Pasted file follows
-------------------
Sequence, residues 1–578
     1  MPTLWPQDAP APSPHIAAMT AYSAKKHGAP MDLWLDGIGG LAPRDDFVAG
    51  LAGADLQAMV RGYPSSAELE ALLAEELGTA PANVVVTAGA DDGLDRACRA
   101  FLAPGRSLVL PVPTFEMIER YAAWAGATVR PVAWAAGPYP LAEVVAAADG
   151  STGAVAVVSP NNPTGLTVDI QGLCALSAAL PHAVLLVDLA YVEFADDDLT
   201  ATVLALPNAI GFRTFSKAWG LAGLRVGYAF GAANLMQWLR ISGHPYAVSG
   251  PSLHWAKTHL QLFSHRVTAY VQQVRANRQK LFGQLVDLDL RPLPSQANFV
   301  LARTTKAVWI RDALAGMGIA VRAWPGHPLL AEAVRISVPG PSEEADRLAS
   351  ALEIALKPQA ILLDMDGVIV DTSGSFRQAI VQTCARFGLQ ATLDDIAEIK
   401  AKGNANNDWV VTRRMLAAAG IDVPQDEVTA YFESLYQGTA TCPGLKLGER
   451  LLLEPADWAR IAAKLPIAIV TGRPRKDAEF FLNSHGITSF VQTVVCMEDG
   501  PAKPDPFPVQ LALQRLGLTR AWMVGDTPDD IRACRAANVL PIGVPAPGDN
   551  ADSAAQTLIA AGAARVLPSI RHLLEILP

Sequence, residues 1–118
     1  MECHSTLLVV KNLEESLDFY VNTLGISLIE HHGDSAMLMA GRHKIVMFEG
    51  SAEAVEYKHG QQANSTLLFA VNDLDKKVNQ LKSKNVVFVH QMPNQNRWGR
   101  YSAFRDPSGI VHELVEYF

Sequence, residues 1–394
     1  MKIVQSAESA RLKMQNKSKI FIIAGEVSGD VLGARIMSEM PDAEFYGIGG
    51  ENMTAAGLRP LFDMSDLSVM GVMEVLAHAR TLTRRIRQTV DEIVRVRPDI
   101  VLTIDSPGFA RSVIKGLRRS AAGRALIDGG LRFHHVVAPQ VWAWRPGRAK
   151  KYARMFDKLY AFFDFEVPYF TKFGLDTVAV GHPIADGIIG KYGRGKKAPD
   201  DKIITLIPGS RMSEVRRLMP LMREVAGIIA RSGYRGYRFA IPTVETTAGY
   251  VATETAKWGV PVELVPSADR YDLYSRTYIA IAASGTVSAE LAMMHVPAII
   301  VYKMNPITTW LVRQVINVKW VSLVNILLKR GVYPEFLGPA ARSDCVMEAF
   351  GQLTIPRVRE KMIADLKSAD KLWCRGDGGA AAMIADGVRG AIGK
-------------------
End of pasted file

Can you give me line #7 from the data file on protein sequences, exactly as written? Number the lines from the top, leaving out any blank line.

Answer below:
   251  PSLHWAKTHL QLFSHRVTAY VQQVRANRQK LFGQLVDLDL RPLPSQANFV